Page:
cAMP–PKA signalling pathway participated in regulation of miR-1 by propranolol. (A) Level of cAMP was elevated in 30 min of MI, whereas propranolol suppressed the overexpression of cAMP. Data are expressed as mean ± SEM normalized to control; *P < 0.05 vs. control. #P < 0.05 vs. MI. (B) Effects of β-blockers on expression of PKA at the protein level. Upper panel, examples of western blot bands; lower panel, expressed as mean ± SEM (n = 8). Measurements were made at 30 min after MI. Level of PKA was up-regulated in 30 min of MI and was reduced by propranolol. *P < 0.05 vs. control. #P < 0.05 vs. MI. (C) Level of miR-1 was increased in RNA samples isolated from primary cardiomyocyte treated with forskolin, while H-89 suppressed the overexpression. (D) Role of CREB as transcription activators for the miR-1 gene, assessed by luciferase reporter gene assay in HEK293 cells. Cells were transfected with decoy oligodeoxynucleotides (dODN) with each carrying the binding site for CREB. After 48 h transfection, dual luciferase activities were assayed. Note the dramatic abrogation of the promoter activity by the dODNs, which is absent with a negative control decoy (NC). The sequences of dODN and the negative control dODN are shown in Supplementary material online. *P < 0.05 vs. control; n = 7 independent batches of cells for each group. (E) Real-time RT–PCR quantification of miR-1 level in neonatal rat ventricular myocytes treated with the dODNs targeting CREB. Note the significant decrease in miR-1 transcripts in treated cells relative to non-treated cells and no effect was observed in cells treated with NC. *P < 0.05 vs. control; n = 5 independent batches of cells for each group. Data are expressed as mean ± SEM normalized to control.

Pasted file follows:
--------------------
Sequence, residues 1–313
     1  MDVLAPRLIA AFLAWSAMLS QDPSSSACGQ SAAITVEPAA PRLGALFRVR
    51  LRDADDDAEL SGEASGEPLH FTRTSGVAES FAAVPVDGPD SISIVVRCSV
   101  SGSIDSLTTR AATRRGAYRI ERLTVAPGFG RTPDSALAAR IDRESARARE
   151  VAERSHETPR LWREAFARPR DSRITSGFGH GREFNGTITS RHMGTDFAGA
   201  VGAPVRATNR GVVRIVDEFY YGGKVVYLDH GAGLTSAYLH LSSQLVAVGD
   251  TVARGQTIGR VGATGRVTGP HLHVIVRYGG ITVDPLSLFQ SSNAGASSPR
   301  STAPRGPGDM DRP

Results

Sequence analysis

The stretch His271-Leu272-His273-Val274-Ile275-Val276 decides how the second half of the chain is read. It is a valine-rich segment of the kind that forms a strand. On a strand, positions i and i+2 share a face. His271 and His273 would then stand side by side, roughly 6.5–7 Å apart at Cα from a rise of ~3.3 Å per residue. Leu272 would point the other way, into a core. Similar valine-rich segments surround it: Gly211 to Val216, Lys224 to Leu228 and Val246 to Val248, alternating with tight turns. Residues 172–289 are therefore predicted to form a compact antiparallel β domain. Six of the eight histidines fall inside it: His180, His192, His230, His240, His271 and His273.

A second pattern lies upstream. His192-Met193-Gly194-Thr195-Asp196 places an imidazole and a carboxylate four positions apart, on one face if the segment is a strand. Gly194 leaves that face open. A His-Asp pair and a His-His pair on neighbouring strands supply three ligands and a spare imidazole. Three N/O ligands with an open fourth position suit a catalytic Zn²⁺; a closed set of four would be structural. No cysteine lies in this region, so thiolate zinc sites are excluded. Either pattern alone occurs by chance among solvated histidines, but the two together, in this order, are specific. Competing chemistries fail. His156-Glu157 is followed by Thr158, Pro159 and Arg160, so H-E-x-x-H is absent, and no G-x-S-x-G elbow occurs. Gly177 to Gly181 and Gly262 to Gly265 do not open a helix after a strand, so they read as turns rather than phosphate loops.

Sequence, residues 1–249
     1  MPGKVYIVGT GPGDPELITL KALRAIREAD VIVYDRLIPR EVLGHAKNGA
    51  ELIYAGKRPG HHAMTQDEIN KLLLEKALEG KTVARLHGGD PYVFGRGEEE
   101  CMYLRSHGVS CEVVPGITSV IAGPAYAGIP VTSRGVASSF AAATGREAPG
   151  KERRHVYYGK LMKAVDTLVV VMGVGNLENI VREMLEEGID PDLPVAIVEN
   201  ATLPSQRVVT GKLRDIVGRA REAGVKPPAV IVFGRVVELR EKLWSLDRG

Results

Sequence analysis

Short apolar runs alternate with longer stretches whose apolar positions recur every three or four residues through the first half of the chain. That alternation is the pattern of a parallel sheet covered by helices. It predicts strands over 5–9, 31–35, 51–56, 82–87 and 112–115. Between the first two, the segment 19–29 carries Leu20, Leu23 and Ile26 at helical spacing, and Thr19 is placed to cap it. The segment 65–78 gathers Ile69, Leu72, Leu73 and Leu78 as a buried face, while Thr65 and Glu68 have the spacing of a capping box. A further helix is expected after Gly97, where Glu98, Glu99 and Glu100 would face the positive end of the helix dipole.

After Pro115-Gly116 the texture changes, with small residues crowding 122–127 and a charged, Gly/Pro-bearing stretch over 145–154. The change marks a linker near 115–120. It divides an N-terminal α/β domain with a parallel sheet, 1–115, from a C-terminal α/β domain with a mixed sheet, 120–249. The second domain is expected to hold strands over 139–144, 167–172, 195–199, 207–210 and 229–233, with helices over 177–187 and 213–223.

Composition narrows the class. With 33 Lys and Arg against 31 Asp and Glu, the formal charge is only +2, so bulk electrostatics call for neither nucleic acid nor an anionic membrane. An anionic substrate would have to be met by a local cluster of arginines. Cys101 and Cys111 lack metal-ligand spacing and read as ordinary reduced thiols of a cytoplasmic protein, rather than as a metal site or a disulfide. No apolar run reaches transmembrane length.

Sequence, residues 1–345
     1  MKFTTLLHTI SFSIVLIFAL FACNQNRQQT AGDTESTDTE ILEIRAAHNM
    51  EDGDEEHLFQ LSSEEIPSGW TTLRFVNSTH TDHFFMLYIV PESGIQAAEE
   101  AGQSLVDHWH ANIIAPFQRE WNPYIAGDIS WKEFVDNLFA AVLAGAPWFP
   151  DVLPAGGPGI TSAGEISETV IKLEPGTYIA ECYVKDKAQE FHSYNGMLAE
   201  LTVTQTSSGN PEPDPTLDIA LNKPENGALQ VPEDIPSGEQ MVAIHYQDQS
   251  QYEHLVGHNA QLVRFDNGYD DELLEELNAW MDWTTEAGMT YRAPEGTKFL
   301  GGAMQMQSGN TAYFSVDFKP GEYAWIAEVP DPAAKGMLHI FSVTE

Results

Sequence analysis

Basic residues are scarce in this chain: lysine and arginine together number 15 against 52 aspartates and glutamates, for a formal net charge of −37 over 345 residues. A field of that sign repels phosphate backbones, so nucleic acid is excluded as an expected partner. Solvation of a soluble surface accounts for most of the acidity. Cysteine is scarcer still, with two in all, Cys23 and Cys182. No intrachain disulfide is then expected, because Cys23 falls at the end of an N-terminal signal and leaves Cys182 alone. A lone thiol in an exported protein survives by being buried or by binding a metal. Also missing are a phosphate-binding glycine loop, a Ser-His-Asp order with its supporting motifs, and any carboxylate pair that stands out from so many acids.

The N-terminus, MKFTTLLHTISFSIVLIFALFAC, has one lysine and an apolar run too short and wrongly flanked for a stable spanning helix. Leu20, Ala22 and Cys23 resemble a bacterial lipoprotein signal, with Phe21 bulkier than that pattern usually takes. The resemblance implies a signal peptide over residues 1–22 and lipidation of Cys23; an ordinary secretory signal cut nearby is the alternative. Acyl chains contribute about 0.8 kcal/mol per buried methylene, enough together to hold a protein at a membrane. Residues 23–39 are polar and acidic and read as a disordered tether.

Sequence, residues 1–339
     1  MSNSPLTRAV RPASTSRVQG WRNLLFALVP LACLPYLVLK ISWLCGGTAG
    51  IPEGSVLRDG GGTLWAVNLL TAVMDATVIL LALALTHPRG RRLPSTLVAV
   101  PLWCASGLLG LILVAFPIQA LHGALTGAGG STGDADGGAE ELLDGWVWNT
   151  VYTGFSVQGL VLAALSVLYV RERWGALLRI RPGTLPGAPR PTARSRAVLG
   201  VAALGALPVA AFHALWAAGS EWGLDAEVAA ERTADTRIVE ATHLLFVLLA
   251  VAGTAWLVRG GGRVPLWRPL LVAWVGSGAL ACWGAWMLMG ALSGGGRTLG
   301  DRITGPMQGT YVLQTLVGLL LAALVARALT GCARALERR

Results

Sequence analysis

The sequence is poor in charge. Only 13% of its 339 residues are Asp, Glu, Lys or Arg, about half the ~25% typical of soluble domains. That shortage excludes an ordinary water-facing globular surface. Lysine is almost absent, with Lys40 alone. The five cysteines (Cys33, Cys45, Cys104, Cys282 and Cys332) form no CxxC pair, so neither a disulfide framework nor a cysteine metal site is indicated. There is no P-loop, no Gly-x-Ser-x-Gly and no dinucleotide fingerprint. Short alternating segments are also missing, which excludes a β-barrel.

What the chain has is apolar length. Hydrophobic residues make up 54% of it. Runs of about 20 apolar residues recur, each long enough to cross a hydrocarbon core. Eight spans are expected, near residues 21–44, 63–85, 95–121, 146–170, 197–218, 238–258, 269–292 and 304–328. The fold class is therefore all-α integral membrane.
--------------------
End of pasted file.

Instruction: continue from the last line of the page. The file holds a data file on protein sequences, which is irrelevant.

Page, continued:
To confirm that β-adrenoceptor–cAMP–PKA pathway is involved in regulation of miR-1, we treated the neonatal rat ventricular myocytes with forskolin, a cAMP activator, and found that it elevated the level of miR-1 by ∼1.6-fold. The effect of forskolin was abolished by PKA inhibitor H-89 (Figure 3C).

We further identified two putative cAMP-responsive element binding protein (CREB) recognition sites within the 3300 bp region upstream to pre-miR-1 (see Supplementary material online, Figure S2). We set out to evaluate the role of the CREB in regulating transcription of miR-1 gene. To this end, we inserted a 324 bp fragment (spanning −3215 to −3539 bp region upstream to pre-miR-1) into the luciferase reporter vector, which contains two putative CREB sites. Co-transfection of the vector with the decoy oligodeoxynucleotide (ODN) inhibitors24 that contain the perfect binding sites for CREB to sequestrate these transcription factors caused substantial reduction of luciferase activities (Figure 3D). In cultured neonatal rat myocytes, transfection with the decoy ODN for CREB significantly diminished the miR-1 level (Figure 3E), indicating a role of CREB in activating the transcription of miR-1 gene.

It has been shown that expression of miR-1 is dependent upon binding of SRF to its promoter regions,23,25 an important transcriptional factor in cardiovascular system.26,27 In our previous study, we demonstrated that incubation of neonatal rat cardiomyocytes with distamycin A, selectively inhibiting binding of SRF to its cis-element, largely suppressed miR-1 expression. This effect was further confirmed by silencing of SRF using the siRNA directed against SRF (SRF siRNA).15 We examined whether SRF participated in the protective effects of propranolol in MI hearts. As shown in Figure 4A, SRF protein level was found increased in MI hearts (∼1.6-fold) relative to healthy hearts, and propranolol largely inhibited the increase in SRF expression. To verify SRF is directly regulated by β-adrenoceptor modulation, we exploited the relationship between β-adrenoceptor stimulation and SRF expression in cultured neonatal cardiomyocytes. We observed that β-adrenergic agonist isoproterenol up-regulated SRF expression by ∼1.5-fold, while propranolol repressed the protein level of SRF by ∼70%, and the result was consistent with elevated miR-1 level after stimulation of β-adrenoceptor (Figure 4B).